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Fatal Trends in African HIV Care
Voice of America reported that according to Doctors Without Borders (MSF), only 20 percent of HIV-positive individuals in French-speaking West and Central Africa receive antiretroviral therapy (ART).
MSF explained that although there is low prevalence of HIV in West and Central Africa, where less than 5 percent of the population is infected, ART is available to only one-fifth of the patients who need treatment. Many die before they receive a diagnosis because testing is not available.
Dr. David Maman, an MSF HIV specialist, explained that some parts of Africa have very few physicians, yet only physicians are allowed to prescribe ART. This causes a hardship for these countries, as patients are unable to access ART at the same rate as countries with more physicians. To meet this need, Maman suggests training less-qualified health workers, such as nurses, to test patients and prescribe ART. This was successful in other African countries, particularly in rural areas. Maman argues that allowing qualified non-physicians to test and treat HIV provides help for more people and would free doctors to focus on more complicated cases.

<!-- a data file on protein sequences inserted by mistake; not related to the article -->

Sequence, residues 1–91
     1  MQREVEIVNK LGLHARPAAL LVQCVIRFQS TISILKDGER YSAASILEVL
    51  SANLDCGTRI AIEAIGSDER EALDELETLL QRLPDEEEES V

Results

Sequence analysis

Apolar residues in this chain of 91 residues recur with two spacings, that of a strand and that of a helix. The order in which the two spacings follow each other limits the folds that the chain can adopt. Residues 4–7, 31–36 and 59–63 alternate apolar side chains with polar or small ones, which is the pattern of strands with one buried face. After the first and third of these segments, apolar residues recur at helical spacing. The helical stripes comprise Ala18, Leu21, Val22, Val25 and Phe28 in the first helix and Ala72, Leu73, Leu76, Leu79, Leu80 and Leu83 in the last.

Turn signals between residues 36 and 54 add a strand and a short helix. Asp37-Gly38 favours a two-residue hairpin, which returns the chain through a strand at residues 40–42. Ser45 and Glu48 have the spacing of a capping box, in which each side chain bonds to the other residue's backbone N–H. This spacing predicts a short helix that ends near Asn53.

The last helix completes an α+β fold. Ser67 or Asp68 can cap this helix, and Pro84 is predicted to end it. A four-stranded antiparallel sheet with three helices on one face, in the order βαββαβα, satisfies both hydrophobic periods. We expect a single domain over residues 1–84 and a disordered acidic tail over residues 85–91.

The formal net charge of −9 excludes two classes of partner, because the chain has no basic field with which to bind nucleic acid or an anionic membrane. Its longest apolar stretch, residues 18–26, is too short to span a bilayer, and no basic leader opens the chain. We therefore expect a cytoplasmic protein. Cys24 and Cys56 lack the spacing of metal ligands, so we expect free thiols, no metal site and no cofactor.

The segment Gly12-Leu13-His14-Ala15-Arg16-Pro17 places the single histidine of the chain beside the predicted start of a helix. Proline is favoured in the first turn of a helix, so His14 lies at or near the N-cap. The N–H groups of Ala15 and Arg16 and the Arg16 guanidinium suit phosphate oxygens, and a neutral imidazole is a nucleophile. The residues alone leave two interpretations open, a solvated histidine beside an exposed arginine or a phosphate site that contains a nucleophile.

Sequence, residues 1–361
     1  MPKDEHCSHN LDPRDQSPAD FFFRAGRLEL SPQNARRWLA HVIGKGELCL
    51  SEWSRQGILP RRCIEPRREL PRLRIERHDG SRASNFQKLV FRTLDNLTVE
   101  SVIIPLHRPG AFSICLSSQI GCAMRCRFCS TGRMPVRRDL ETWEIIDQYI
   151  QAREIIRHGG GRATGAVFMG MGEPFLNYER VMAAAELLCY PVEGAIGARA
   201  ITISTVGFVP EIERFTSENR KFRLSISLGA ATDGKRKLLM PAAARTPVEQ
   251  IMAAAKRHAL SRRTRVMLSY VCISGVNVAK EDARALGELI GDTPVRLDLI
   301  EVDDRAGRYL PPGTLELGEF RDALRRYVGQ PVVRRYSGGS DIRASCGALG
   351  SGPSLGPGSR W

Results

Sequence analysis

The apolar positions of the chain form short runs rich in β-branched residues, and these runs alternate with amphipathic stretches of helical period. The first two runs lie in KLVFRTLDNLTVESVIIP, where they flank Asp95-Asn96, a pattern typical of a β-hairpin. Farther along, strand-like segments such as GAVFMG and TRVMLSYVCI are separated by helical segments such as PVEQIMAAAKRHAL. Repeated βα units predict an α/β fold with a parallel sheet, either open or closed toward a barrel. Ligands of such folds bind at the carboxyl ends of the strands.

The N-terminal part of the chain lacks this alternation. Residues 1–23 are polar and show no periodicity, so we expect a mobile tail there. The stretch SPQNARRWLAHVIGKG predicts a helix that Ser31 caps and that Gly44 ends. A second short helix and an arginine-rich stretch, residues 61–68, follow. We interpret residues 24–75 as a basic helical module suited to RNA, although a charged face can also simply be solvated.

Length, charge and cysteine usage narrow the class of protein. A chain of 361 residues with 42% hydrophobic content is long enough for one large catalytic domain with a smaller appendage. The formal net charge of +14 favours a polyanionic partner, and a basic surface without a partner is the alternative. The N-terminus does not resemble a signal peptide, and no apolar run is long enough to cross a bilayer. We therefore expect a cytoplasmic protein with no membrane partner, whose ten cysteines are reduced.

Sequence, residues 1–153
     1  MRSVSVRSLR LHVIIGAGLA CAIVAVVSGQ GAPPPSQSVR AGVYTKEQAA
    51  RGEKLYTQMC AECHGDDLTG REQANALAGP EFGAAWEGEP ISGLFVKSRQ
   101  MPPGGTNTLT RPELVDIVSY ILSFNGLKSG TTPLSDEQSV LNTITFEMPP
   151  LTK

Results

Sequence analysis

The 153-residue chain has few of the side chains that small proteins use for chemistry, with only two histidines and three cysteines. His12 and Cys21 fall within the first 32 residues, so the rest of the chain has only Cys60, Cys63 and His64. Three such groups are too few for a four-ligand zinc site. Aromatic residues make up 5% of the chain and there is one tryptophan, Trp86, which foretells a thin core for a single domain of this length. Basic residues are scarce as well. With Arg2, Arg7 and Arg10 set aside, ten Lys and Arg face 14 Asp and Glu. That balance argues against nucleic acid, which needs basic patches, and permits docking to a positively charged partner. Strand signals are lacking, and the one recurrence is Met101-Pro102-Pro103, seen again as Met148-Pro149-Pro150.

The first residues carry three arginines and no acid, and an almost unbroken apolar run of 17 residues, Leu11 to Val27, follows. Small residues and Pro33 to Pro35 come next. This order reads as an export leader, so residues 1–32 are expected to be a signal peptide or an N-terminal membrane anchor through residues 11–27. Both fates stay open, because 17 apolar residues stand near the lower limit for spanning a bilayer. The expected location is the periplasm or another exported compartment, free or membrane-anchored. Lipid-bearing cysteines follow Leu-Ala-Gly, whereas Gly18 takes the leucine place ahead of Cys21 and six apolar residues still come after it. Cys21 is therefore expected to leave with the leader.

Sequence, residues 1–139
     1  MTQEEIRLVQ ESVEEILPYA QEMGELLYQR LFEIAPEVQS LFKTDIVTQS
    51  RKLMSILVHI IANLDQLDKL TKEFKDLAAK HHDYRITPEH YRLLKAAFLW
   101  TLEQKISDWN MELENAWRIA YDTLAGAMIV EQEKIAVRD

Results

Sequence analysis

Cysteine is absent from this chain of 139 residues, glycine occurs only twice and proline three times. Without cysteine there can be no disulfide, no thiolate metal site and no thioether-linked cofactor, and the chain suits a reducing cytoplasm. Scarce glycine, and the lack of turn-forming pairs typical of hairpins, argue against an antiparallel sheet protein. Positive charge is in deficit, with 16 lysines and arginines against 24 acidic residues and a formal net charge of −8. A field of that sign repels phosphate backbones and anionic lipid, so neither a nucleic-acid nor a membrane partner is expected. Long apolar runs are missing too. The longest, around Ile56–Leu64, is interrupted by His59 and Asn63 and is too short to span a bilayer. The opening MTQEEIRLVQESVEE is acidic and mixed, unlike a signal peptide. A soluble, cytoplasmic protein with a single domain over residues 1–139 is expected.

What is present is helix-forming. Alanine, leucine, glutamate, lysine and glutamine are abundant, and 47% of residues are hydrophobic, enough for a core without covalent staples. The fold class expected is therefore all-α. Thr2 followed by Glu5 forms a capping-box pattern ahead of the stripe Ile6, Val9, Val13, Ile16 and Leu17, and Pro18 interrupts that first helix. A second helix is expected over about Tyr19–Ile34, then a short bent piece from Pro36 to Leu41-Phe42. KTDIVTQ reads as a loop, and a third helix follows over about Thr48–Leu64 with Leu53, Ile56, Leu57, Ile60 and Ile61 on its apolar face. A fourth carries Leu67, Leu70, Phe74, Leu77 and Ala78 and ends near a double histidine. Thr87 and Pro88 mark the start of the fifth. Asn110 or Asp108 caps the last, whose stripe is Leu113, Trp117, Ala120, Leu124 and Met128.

In West and Central Africa HIV testing and treatment are not included as part of regular healthcare, but are available at specialized clinics that usually are located in big cities.
Maman proposed that district clinics integrate HIV testing and treatment in the regular health services. HIV-positive individuals would not have to travel long distances for care or have to wait for a doctor to come to the district. Maman maintains that decentralizing treatment and including HIV care in rural clinics worked in Malawi. However, these changes require strong political will and financing. MSF suggests that governments and aid organizations should do more to help HIV-positive individuals in West and Central Africa.
This article is reprinted courtesy of CDCNPIN.org